U.S. Judge Apologizes To Sikh Who Was Asked To Remove His “Hat” In Courtroom


CHICAGO – A judge in the United States sent a personal apology letter to Hardeep Singh, a Sikh who was asked to remove his ‘hat’ in the courtroom.

Manmeet Singh, from a Sikh NGO called United Sikhs in U.S., narrated the story of Hardeep Singh who is a resident of Battle Creek, Michigan. While Hardeep was accompanying his friend to the court hearing in the Kalamazoo County Probate Court in October of 2012, he was asked to remove his ‘hat’.

Hardeep made attempts to save his turban, which is a soul part of his religion, saying that was not just an ordinary hat. A couple’s effort to stop this from happening also failed. The judge asked Hardeep to either leave the courtroom or remove his turban, subsequent to which he preferred leaving the room.

The episode was termed as a shocking one for all Sikhs as they could not believe the judge’s rudeness.

After the incident, the Department of Justice witnessed a Civil Rights Complaint filed by the United Sikhs legal team. “After persistent advocacy, positive results have been achieved,” said a team member.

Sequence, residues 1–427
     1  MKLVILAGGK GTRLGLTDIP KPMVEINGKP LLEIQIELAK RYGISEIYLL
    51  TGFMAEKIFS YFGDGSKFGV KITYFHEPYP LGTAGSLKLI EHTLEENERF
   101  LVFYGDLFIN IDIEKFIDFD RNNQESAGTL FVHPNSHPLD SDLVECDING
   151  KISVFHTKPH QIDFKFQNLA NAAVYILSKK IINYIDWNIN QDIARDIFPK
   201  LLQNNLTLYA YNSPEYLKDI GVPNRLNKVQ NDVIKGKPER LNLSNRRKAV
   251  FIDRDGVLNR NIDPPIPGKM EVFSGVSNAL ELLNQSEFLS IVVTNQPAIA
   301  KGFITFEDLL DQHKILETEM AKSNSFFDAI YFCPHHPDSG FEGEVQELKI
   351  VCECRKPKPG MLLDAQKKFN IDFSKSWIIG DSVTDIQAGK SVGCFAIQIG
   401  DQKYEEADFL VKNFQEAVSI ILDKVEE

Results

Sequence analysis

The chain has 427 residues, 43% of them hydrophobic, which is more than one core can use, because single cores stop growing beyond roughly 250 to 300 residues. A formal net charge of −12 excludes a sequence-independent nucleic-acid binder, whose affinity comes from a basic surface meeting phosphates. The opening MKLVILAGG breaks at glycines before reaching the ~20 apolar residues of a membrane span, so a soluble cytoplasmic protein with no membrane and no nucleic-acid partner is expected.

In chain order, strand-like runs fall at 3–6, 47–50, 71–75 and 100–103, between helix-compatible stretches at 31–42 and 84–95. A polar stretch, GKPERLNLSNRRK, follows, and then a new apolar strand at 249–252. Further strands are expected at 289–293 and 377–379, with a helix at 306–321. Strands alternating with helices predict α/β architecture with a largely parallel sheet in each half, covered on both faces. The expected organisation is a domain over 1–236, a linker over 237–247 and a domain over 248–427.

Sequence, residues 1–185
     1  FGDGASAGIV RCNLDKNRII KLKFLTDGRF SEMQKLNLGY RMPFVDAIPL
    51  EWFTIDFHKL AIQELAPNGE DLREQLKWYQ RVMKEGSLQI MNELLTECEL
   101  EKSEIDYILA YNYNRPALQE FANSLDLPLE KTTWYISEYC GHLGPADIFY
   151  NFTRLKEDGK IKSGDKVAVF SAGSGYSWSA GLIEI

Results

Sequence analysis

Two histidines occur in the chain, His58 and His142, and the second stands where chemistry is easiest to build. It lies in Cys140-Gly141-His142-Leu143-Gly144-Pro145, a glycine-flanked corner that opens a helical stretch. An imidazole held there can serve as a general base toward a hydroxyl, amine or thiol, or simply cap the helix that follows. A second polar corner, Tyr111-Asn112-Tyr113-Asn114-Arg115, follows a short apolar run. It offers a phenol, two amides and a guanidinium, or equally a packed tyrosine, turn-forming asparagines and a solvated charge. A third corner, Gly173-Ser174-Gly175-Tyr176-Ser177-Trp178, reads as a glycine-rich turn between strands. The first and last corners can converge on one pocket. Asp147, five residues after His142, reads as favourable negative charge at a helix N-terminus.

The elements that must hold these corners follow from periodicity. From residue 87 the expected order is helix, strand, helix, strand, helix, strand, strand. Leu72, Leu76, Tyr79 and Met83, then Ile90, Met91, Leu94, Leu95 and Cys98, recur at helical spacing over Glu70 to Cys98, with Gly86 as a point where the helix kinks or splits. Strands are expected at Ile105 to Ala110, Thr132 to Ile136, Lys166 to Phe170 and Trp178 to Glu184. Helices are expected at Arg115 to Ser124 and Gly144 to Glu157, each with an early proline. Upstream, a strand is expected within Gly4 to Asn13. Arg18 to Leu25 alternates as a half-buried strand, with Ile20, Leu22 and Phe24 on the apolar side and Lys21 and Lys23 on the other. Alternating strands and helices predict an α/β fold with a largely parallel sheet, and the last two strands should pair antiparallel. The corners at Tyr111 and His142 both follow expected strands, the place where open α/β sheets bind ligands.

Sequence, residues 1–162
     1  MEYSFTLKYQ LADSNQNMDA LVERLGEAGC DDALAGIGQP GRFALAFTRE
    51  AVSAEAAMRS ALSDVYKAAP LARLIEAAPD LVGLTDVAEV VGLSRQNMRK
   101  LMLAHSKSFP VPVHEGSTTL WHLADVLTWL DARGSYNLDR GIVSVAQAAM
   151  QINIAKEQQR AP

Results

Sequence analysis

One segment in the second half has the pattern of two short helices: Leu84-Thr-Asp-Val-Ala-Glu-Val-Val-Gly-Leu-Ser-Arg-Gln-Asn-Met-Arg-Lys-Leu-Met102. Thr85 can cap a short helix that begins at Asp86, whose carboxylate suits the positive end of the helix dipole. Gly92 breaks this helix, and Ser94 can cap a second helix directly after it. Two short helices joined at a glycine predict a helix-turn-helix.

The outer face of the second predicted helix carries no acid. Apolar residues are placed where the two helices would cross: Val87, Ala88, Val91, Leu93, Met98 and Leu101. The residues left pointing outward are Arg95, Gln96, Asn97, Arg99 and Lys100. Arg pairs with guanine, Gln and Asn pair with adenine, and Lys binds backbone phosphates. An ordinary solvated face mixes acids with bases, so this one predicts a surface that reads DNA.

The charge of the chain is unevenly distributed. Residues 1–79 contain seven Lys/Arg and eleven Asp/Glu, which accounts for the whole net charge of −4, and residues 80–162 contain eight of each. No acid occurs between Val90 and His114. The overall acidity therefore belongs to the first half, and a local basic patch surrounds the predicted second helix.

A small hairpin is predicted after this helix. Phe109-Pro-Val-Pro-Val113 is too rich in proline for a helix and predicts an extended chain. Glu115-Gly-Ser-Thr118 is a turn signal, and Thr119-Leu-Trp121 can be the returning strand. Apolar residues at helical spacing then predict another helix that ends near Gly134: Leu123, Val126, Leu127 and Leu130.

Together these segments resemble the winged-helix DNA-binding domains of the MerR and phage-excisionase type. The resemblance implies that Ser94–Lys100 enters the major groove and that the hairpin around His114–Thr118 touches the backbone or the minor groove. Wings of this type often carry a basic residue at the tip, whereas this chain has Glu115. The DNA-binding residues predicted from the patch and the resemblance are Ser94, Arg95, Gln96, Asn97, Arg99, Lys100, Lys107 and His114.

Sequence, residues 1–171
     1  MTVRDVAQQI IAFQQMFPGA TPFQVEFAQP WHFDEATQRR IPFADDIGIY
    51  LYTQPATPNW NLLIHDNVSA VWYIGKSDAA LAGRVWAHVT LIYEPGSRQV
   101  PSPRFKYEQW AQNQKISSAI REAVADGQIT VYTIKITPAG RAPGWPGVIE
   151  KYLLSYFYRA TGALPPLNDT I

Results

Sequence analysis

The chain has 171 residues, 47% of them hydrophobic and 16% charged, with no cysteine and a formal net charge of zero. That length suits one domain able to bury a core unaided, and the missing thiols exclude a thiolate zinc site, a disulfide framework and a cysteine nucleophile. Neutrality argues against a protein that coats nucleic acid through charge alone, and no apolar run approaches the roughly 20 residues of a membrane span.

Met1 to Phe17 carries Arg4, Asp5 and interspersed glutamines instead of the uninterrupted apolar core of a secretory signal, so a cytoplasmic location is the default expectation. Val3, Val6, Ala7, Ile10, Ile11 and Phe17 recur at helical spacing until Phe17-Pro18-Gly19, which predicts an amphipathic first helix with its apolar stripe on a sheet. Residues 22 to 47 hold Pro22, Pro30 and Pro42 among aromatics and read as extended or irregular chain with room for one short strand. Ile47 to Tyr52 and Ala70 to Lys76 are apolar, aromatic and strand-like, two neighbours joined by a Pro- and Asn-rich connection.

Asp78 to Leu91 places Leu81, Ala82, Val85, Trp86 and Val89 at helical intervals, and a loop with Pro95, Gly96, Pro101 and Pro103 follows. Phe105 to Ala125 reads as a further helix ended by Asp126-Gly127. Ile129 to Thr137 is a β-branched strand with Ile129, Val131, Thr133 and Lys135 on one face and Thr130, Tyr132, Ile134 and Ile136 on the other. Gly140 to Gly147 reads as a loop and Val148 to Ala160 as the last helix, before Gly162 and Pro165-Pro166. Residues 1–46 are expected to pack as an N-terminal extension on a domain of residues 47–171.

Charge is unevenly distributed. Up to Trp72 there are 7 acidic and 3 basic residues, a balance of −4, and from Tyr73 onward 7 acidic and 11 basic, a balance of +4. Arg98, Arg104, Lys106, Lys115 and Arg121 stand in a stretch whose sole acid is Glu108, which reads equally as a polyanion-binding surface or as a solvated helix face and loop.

Further, he said, “We are humbled to announce another civil rights policy advocacy victory resulting in the modification of court procedures in Kalamazoo County, Michigan, to recognize the Sikh religious practices”

Singh also told that this support has led to a new policy for giving space to one’s religious attire and headwear in Kalamazoo County Probate Court in Michigan.

The apology letter, non discrimination policy of scared outfits of a person including their headwear and the new complaint stood as all the positive steps in order to bring the right changes for this issue. “The new policy and complaint form will benefit not only Sikhs, but also Jews, Muslims and people of other faiths who wear some sort of head covering or religious attire” said Singh.